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What is a Real Estate Easement in Wisconsin?

Attorney Thomas B. Burton discusses real estate easements in the state of Wisconsin and also answers the question of whether a property can be legally landlocked in the state of Wisconsin.

Transcript of Video: What is a Real Estate Easement in Wisconsin?

Today's topic is easements I wanted to

share with you some information about

easements and the latest in the law and

developments in this area now what is an

easement an easement is the right of one

party to use property owned by another

so for example it might be a driveway

easement passing over one person's

property there's another property with a

driveway easement with a right to use

this driveway there can be easements for

other things for example sometimes the

power company will have an easement to

put power lines across the property so

always be aware when you're buying real

estate to check for easements now where

to look for these you can look in the

title commitment the title policy or the

letter report received if you're getting

title insurance which I recommend at the

closing so in there will list any

easements already known on the property

and you should be aware when you're

buying the property it's subject to

these now you cannot create an easement

with a certified survey map there must

be a signed conveyance at some point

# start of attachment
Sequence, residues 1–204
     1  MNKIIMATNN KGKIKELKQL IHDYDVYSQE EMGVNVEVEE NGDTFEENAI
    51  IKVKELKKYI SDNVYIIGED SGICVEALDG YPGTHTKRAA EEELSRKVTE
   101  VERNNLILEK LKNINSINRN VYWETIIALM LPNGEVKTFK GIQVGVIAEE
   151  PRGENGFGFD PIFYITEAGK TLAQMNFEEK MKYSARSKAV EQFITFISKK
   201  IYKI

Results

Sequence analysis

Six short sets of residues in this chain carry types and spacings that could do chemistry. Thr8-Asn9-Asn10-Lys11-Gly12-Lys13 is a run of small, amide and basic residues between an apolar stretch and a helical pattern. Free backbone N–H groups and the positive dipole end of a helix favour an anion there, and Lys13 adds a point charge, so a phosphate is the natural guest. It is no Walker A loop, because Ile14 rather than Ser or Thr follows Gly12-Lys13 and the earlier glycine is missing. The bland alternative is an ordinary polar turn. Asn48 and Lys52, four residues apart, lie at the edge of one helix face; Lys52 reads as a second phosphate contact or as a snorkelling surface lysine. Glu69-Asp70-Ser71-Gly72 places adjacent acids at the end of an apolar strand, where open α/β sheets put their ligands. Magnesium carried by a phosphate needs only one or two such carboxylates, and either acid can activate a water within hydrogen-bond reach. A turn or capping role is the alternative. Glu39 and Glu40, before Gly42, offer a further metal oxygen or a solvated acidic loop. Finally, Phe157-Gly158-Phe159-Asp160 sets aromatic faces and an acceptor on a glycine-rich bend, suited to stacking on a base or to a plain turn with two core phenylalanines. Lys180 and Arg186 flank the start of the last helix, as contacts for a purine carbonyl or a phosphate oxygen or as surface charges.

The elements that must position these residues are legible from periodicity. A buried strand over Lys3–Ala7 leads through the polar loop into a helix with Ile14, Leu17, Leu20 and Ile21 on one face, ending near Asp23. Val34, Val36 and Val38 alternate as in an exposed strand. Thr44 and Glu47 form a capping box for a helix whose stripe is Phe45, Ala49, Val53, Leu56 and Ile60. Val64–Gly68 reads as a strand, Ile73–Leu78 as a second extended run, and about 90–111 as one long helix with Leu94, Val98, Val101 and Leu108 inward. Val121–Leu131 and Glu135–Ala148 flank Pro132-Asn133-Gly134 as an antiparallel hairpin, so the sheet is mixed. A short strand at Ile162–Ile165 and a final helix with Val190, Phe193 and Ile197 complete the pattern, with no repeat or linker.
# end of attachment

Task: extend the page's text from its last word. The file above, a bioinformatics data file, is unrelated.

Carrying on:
from one party A to party B granting

the easement and generally they will

then run with the land meaning if you're

the new buyer you take it subject to the

easement one other thing to note a

common misconception is that some people

believe legally a property cannot be

landlocked this is not true there is no

automatic implied easement of necessity

so if you're buying a property and it is

landlocked you need an easement to get

to it you cannot just assume you'll have

one so that in a nutshell is easements and

some of the latest about in Wisconsin

law developments about easements remember

an easement is the right of one party to

use the property of another and you're

going to have to find it in the deed as

a signed conveyance in order

for it to exist so when you're out there

hunting for a home or second properties

cabins hunting property be aware of

easement and make sure you understand

that before you purchase the property in


© 2019 Law Office of Thomas B. Burton. All Rights Reserved.

Transcript and captions provided for ease of access for the hearing impaired.

For questions about this topic, or to suggest a topic for a future blog post, please contact my office.

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